BEAT THE WEATHER
Follow our simple guide through your first steps in shore fishing. we’ll help you to overcome any obstacles you might encounter along the way. this month we switch the focus to winter clothing…
Wearing the correct clothing during a fishing session is vitally important. Before actually choosing what you wear, though, and throwing yourself into layers of clobber, there are some fundamental aspects that need taking into consideration.
Winter months are probably the most difficult to protect against. It’s very easy to wrap yourself with multiple layers of warm clothing, but have you actually thought about what you’re doing?
If you intend to fish a mark that involves a long and tiring hike, the last thing you need to be doing is wearing all your thermal protection, because after just a few minutes of trudging across energy-sapping shingle or sand, it won’t be long before you’re hot, sweaty and damp. Then, when you actually start fishing, in just a short while those warm and damp garments you’re wearing will begin to turn cold.
As the temperature drops, you’ll soon become miserable, shivering and ultimately faced with the prospect of packing up and heading home.
It’s far better and beneficial to pack dry gear in another bag and change into this when you reach your mark.
The same can be said for chest waders. Long walks in neoprene versions are a real nightmare. Again, strap these to your tackle box, or pack them in a bag and carry them.
It’s easier to walk long distances in light clothing and a comfy pair of walking boots.
Don’t be fooled by breathable chest waders either, because travelling long distances in these can still drain you.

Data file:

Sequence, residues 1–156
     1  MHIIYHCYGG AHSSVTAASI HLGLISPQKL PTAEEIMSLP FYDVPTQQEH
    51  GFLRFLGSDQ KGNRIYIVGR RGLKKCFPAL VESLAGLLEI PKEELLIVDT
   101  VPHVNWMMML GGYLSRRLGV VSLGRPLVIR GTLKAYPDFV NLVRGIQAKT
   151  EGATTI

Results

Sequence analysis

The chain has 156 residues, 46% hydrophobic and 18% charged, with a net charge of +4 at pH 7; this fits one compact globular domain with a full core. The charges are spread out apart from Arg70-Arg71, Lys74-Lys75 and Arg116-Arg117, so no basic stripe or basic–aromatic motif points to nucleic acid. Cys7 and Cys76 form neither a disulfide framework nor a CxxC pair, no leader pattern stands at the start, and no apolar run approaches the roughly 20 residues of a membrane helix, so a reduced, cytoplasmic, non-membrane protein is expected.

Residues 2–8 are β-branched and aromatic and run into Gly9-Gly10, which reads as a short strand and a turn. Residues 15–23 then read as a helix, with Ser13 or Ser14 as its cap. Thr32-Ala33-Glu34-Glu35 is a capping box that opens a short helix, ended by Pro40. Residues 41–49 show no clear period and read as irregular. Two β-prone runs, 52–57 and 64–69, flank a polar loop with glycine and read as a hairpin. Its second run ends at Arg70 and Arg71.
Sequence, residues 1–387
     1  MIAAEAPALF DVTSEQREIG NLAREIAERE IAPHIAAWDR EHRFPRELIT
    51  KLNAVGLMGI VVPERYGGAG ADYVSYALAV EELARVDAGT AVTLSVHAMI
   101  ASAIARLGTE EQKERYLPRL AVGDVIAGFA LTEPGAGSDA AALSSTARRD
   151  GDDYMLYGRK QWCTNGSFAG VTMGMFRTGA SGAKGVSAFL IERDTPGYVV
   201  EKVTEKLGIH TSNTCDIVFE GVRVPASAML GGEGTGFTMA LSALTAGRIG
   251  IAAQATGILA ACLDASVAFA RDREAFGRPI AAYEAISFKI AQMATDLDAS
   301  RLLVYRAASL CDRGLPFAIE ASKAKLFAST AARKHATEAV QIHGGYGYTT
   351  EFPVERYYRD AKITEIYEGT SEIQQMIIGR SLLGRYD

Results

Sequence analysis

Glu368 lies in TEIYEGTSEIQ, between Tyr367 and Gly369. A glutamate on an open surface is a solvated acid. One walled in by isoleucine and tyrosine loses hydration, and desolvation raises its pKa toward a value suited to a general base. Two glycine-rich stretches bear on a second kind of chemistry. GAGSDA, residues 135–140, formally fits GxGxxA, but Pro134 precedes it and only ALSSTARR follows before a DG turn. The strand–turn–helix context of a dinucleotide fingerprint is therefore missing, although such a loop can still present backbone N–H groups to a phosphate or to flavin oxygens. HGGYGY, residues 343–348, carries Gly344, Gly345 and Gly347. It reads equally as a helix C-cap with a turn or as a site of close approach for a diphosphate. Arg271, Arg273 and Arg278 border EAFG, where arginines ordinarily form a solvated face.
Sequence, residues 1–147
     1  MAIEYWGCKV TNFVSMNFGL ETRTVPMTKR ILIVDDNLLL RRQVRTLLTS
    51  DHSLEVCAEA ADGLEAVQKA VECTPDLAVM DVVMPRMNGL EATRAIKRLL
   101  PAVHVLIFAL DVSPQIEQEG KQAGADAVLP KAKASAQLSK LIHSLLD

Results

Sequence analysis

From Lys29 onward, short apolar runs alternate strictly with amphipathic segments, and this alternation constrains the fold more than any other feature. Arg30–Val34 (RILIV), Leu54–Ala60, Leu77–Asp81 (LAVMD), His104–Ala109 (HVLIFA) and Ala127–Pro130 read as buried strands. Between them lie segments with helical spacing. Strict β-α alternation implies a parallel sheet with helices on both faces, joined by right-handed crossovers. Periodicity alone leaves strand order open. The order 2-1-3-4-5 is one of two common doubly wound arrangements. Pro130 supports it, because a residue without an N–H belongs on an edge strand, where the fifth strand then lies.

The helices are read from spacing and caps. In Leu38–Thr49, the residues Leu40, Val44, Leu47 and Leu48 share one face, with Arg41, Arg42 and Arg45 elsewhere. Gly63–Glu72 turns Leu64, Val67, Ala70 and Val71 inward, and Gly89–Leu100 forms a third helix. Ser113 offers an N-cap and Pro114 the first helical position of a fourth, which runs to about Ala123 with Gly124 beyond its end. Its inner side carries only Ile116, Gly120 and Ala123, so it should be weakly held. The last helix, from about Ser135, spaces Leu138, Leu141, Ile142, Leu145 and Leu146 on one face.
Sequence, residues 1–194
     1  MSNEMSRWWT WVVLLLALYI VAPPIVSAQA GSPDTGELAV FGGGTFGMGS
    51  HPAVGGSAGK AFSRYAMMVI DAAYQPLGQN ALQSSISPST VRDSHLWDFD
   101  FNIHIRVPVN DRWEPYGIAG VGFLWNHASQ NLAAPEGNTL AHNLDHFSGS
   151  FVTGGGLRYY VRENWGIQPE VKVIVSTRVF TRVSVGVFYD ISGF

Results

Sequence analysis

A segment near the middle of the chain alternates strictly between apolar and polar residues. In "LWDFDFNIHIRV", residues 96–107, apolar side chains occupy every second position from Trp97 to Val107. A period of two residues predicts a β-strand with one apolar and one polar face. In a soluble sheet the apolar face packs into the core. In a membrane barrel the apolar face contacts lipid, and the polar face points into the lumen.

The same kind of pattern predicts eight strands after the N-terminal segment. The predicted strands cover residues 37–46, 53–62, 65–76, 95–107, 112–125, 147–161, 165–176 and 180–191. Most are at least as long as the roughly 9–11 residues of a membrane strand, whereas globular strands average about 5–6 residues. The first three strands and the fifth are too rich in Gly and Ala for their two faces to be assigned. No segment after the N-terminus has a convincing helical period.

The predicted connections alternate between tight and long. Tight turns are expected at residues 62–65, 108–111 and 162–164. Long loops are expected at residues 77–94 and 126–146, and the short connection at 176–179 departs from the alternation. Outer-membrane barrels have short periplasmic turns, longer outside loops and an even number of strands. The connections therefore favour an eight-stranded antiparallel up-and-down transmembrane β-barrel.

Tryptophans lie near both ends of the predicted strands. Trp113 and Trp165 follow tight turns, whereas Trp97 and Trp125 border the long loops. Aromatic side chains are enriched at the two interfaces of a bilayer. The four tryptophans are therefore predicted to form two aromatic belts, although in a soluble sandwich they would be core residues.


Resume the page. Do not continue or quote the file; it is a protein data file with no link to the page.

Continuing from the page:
Don’t get caught out during summer trips. A long, hot day on the shore can suddenly turn chilly when dusk arrives. Always have a lightweight hoody or jacket with you, to prevent becoming cold. ■ TOP TIP: Don’t wear chest waders or all your warm clothing on long hikes to a venue. Pack them separately and change into them when you arrive.
INNER BASE LAYERS
Thermal leggings and vest or top are brilliant for retaining body warmth when it’s cold. These are much better alternatives and are incredibly lightweight.
Many anglers choose to wear jeans, but these can quickly become cold, and are even worse when wet. A much better option is to wear a decent pair of joggers instead. These retain heat incredibly well and are so comfy too.
When winter arrives, icy winds, lashing rain, snow and hail will undoubtedly batter you. That’s when you need to cover up considerably, and outer layers are probably your most important items of clothing.
First, make sure your outer layers are totally waterproof. Items that are simply showerproof aren’t going to cut it.
These can come in various forms but are generally either one or two-piece outfits. Smocks, jackets and salopettes are certainly the most popular, along with flotation suits.
These outfits can vary in price and, invariably, the best items will be more expensive. A lot of anglers prefer to go for any range of Gore-Tex clothing.
■ TOP TIP: It’s important to ensure that your outer layers are totally water and windproof.
Many anglers make the mistake of wearing multiple pairs of socks in an attempt to keep their feet warm. Instead, wear a thin pair underneath a thick thermal set, just enough so your feet can move freely and allow the blood to flow.
A good pair of hiking boots with an insulated inner are brilliant, especially when standing on freezing-cold concrete or shingle. Many of these boots also have fantastic soles, with a firm grip, which is essential when it’s icy. Trainers are a non-starter, I’m afraid, as they are simply not adequate to keep your feet warm and protected.
Modern wellington boots are now equipped with super-thermal interiors, which in some cases can even be removed.
PREVENTING HEAT ESCAPING
Heat will escape through your head, so it’s always a good idea to wear a thermal hat or cap. A woollen bobble or thermal beanie type is the best and will easily accommodate a headlight too.
On occasions, a good pair of thermal gloves may be needed to keep your hands warm. Some anglers prefer to wear fingerless gloves so they don’t need to be continuously removed when baiting hooks.
■ TOP TIP: Placing a pocket-warmer into each pocket of your jacket or salopettes is a fantastic alternative to keeping your hands warm. They’re cheap, lightweight and extremely easy to use.
sea angler issue 566
Winter weather can be very testing for shore anglers
Wear the correct winter clothing and fish in comfort
A good hat and gloves help to retain the heat